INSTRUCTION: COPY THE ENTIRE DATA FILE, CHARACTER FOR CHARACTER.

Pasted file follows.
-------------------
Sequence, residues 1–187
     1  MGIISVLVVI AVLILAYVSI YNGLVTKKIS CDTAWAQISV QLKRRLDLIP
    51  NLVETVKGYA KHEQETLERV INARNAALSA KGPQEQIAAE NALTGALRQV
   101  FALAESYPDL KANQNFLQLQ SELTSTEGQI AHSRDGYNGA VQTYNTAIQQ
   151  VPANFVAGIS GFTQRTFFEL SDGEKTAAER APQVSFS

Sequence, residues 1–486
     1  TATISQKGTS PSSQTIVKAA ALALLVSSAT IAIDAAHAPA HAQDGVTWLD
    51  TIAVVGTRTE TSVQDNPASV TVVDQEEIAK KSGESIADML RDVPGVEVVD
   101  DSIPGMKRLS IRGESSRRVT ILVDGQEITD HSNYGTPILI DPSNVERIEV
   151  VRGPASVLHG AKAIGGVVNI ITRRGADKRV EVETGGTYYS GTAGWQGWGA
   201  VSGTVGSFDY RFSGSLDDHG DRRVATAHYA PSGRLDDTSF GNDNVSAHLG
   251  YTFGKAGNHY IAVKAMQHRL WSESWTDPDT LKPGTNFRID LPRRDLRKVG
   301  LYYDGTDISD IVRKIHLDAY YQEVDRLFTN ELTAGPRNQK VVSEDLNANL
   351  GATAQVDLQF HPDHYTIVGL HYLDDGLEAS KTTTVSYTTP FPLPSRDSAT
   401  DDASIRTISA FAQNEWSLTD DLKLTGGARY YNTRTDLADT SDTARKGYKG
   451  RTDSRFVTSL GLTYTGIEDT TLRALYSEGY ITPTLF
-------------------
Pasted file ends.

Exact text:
Sequence, residues 1–187
     1  MGIISVLVVI AVLILAYVSI YNGLVTKKIS CDTAWAQISV QLKRRLDLIP
    51  NLVETVKGYA KHEQETLERV INARNAALSA KGPQEQIAAE NALTGALRQV
   101  FALAESYPDL KANQNFLQLQ SELTSTEGQI AHSRDGYNGA VQTYNTAIQQ
   151  VPANFVAGIS GFTQRTFFEL SDGEKTAAER APQVSFS

Sequence, residues 1–486
     1  TATISQKGTS PSSQTIVKAA ALALLVSSAT IAIDAAHAPA HAQDGVTWLD
    51  TIAVVGTRTE TSVQDNPASV TVVDQEEIAK KSGESIADML RDVPGVEVVD
   101  DSIPGMKRLS IRGESSRRVT ILVDGQEITD HSNYGTPILI DPSNVERIEV
   151  VRGPASVLHG AKAIGGVVNI ITRRGADKRV EVETGGTYYS GTAGWQGWGA
   201  VSGTVGSFDY RFSGSLDDHG DRRVATAHYA PSGRLDDTSF GNDNVSAHLG
   251  YTFGKAGNHY IAVKAMQHRL WSESWTDPDT LKPGTNFRID LPRRDLRKVG
   301  LYYDGTDISD IVRKIHLDAY YQEVDRLFTN ELTAGPRNQK VVSEDLNANL
   351  GATAQVDLQF HPDHYTIVGL HYLDDGLEAS KTTTVSYTTP FPLPSRDSAT
   401  DDASIRTISA FAQNEWSLTD DLKLTGGARY YNTRTDLADT SDTARKGYKG
   451  RTDSRFVTSL GLTYTGIEDT TLRALYSEGY ITPTLF